Tuesday, February 15, 2011


Paul Krugman on the Obama budget:

... The important thing, I think, is that he has effectively given up on the idea that the government can do anything to create jobs in a depressed economy. In effect, although without saying so explicitly, the Obama administration has accepted the Republican claim that stimulus failed, and should never be tried again.

What's extraordinary about all this is that stimulus can't have failed, because it never happened. Once you take state and local cutbacks into account, there was no surge of government spending....

And yet the failure of the stimulus that never happened has become conventional wisdom....

Barack Obama's place in history? I think he's going to be remembered as the guy who was to liberalism, as we've known it since FDR, what Mikhail Gorbachev was to the Soviet system. He's the guy from inside the system who presided over its dismantling.

I still think he doesn't mean to be Gorbachev -- I don't buy what I call the "Manchurian candidate" view of Obama, which is that he's really a Republican and that his goal all along has been to get us precisely to where we are now. If that were the case, why even bother with the (inadequate) stimulus and the (compromised) health care plan, the (slow) high-speed rail systems and the (baby-step) moves toward green energy? Why bother to put himself through all that grief, all those personal attacks, all that rage from Fox and talk radio and the tea party? Why not just show up on 1/20/09, say, "We have more will than wallet," and just start being an unabashed, unapologetic Republican from Day One? Who would have risen up in protest to make his life truly difficult? Liberals? Give me a break. If you accept the notion that this is all well-planned-out Kabuki theater, you have to explain one thing: Why pursue a fake semi-liberalism when that alienates people who (unlike liberals) can really threaten him with serious harm?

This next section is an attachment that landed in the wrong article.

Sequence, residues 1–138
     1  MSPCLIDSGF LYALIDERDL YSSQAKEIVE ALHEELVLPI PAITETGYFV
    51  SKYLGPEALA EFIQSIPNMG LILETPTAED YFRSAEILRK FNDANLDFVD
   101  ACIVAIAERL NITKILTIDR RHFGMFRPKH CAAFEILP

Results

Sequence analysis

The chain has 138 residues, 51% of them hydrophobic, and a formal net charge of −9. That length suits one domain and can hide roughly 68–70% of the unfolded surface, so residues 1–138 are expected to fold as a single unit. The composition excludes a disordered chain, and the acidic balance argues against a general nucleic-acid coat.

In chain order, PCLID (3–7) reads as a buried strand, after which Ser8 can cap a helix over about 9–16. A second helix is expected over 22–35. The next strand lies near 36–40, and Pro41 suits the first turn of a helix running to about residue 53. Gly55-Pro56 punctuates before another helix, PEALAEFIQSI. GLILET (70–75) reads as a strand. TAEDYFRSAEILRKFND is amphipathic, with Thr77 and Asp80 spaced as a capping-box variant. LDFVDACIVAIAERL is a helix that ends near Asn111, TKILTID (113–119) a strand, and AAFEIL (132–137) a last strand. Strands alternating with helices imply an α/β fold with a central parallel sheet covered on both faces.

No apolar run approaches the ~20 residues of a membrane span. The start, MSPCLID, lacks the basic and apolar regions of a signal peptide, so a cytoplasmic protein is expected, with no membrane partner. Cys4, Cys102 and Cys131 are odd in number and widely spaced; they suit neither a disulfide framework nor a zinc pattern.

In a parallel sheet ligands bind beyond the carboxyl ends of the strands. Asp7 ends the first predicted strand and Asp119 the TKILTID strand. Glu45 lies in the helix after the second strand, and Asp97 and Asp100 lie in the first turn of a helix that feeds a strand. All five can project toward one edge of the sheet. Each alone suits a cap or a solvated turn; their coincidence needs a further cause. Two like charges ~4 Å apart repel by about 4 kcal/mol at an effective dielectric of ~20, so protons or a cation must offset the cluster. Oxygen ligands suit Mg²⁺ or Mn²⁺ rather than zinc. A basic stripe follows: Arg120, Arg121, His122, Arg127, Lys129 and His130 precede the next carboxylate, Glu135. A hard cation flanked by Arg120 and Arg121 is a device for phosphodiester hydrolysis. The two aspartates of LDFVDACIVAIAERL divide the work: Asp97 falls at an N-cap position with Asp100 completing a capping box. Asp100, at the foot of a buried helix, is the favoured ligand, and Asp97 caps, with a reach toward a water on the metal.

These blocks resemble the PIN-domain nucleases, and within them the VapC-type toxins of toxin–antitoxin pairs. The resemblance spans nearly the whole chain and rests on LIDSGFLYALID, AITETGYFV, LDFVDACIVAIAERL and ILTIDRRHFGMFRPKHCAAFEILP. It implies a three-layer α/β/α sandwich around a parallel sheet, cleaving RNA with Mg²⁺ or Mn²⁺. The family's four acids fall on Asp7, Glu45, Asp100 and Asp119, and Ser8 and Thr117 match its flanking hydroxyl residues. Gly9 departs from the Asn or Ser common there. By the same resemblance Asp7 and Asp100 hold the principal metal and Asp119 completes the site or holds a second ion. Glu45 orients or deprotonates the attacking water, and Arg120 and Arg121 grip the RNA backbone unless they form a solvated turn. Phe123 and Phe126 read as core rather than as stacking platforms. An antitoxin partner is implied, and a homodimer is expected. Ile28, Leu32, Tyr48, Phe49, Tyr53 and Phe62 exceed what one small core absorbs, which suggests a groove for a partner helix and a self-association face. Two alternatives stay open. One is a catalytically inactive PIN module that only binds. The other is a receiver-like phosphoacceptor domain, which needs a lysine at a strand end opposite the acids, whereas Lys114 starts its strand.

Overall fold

No -- he's just a really, really bad choice for a moment when right-wingers are dragging the Overton window to the right even faster than usual. He's just innately inclined to believe that the right course is midway between liberalism and wherever the right is at the moment. And right-wingers keep the latter very much a moving target -- moving farther and farther right as fast as humanly possible. And that's borne fruit for them: Keynesian is now discredited in America, across the political spectrum, for the foreseeable future.

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